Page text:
Exclusive: Toshiba top investor calls for probe as vote counting scandal widensExclusive: Toshiba top investor calls for probe as vote counting scandal widens
The logo of Toshiba Corp is seen behind cherry blossoms at the company’s headquarters in Tokyo

By Makiko Yamazaki

TOKYO (Reuters) – Toshiba Corp’s top investor has called for a probe into a botched shareholder meeting, alleging several investors were deprived of their vote, a letter to the Japanese conglomerate’s board seen by Reuters shows.

The letter may help keep focus on governance at Toshiba, even as the bank hired to count the votes, Sumitomo Mitsui Trust Bank, and another, Mizuho Trust, revealed details of counting errors affecting more than 1,300 firms.

Singapore-based Effissimo Capital Management, which owns around 10% of Toshiba, is the latest investor to join the outcry over the July 31 meeting, which has drawn attention to concerns about governance and treatment of foreign shareholders.

The letter from Effissimo comes after Toshiba this month said more than 1,000 postal voting forms for its shareholder meeting went uncounted. Another Singapore-based fund, 3D Investment Partners, has already called for a similar investigation, saying its vote had not been fully recognised.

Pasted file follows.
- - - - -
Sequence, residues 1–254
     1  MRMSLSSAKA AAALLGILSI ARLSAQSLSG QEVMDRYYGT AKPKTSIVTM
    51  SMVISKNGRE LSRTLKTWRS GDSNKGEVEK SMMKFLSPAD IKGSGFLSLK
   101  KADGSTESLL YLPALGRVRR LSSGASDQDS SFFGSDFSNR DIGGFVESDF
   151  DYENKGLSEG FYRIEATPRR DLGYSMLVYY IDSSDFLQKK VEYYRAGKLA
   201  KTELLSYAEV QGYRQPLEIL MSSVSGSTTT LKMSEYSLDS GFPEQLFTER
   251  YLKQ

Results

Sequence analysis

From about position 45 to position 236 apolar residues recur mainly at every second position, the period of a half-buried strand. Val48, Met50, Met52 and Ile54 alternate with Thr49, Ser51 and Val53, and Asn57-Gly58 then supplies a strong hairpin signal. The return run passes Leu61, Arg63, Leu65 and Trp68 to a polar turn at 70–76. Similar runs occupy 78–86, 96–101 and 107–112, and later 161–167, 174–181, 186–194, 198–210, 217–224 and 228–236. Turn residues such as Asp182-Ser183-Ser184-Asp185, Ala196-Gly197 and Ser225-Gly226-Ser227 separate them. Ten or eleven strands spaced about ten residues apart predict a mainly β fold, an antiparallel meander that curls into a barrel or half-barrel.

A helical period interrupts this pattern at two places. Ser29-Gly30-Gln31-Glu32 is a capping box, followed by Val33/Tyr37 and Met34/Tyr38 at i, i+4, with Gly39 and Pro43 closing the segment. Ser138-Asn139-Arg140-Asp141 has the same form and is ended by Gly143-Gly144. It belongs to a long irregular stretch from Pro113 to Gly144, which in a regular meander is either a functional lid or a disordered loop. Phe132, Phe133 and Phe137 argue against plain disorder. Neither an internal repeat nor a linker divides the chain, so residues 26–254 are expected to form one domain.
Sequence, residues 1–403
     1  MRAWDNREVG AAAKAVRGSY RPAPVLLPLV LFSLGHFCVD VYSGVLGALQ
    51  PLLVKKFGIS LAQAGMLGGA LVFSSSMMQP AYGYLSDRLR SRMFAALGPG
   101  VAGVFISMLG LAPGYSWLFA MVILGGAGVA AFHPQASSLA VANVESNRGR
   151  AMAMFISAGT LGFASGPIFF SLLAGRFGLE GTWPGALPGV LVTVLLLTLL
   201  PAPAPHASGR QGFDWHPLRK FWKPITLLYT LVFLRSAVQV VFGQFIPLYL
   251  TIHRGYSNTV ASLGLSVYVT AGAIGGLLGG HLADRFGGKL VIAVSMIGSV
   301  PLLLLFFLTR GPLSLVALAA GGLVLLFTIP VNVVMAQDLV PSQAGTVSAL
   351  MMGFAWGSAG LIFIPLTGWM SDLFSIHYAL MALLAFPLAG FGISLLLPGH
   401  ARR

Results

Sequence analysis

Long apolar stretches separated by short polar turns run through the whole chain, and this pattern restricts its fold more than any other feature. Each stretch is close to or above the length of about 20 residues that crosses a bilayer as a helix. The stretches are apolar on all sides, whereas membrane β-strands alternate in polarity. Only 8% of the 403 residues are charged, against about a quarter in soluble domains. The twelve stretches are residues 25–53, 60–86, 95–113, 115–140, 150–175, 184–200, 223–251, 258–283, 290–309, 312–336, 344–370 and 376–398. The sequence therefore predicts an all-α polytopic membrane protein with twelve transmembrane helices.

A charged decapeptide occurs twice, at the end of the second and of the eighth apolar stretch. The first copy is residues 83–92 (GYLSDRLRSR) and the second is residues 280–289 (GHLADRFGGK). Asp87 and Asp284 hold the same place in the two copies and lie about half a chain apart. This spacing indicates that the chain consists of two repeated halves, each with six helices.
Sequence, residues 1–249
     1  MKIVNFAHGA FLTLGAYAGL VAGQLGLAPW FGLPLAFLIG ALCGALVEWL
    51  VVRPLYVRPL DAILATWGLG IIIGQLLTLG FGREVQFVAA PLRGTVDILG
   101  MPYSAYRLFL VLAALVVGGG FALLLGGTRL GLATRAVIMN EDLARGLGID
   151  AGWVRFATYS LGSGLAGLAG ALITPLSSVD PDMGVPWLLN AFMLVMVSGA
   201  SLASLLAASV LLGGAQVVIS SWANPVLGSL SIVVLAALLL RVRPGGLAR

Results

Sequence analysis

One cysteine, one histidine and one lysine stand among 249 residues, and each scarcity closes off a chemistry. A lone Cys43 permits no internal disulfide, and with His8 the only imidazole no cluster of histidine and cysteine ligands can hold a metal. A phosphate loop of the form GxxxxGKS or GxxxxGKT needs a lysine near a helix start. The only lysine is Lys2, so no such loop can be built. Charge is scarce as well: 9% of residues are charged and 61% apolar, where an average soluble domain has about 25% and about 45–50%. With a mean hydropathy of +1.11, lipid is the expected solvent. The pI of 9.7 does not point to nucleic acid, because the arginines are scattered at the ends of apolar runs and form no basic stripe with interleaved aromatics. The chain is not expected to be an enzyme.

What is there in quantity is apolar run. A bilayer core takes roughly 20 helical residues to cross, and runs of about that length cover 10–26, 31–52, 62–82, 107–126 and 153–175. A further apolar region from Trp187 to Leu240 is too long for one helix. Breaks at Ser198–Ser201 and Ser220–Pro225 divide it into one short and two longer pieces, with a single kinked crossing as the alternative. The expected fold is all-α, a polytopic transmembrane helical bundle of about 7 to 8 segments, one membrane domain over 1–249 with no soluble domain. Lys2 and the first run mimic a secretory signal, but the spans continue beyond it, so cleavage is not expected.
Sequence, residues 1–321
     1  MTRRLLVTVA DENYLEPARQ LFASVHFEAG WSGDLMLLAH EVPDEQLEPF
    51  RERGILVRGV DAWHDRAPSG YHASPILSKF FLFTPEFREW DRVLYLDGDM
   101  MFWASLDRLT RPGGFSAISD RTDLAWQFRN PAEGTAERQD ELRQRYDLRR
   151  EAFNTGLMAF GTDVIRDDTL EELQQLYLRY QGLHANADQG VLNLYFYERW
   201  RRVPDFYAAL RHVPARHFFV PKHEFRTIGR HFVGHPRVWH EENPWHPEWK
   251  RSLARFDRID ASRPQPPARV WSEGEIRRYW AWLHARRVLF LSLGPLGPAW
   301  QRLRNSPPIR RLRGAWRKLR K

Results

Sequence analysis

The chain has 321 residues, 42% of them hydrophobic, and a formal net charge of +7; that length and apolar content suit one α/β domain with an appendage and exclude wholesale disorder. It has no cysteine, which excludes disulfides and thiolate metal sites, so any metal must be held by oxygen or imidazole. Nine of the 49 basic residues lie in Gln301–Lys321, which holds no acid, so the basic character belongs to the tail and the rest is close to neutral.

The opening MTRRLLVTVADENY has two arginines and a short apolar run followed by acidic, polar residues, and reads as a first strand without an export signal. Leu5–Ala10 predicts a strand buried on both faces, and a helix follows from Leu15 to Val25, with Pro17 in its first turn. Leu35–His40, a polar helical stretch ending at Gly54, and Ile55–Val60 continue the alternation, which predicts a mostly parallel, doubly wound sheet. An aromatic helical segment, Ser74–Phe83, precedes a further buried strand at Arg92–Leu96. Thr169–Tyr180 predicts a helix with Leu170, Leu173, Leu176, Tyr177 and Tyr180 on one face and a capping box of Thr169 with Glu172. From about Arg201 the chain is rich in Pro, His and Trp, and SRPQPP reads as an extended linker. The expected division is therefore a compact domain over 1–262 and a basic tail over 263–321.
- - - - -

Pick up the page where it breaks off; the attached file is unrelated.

Effissimo said Toshiba’s board should establish a committee made up exclusively of independent members to investigate whether the July meeting was conducted fairly.

“We have surveyed several dozen shareholders regarding this matter, and were able to confirm that there are in fact several shareholders that were unable to vote in a manner consistent with their intentions,” Effissimo said in its letter, which was dated Sept. 23.

Effissimo and Toshiba both declined to comment when contacted by Reuters.


What started out as a problem at Toshiba has widened into a larger issue for corporate Japan over shareholder vote counting.

Sumitomo Mitsui Trust Bank, which was entrusted with counting the shareholder mail-in votes for the Toshiba meeting, said on Thursday it had found 3.4 million uncounted shareholder votes at 975 client firms.

The bank said the uncounted votes would not have impacted the results of any shareholder meetings. Still, the scale of the miscounting is likely to give investors pause.

Separately, the trust banking arm of Mizuho Financial Group said it had found 22,848 voting forms were uncounted at 371 shareholder meetings where it had been involved in the counting.

It conducts vote counting in a joint venture with Sumitomo Mitsui Trust.

(Reporting by Makiko Yamazaki and Takashi Umekawa; writing by David Dolan; editing by Jason Neely & Shri Navaratnam)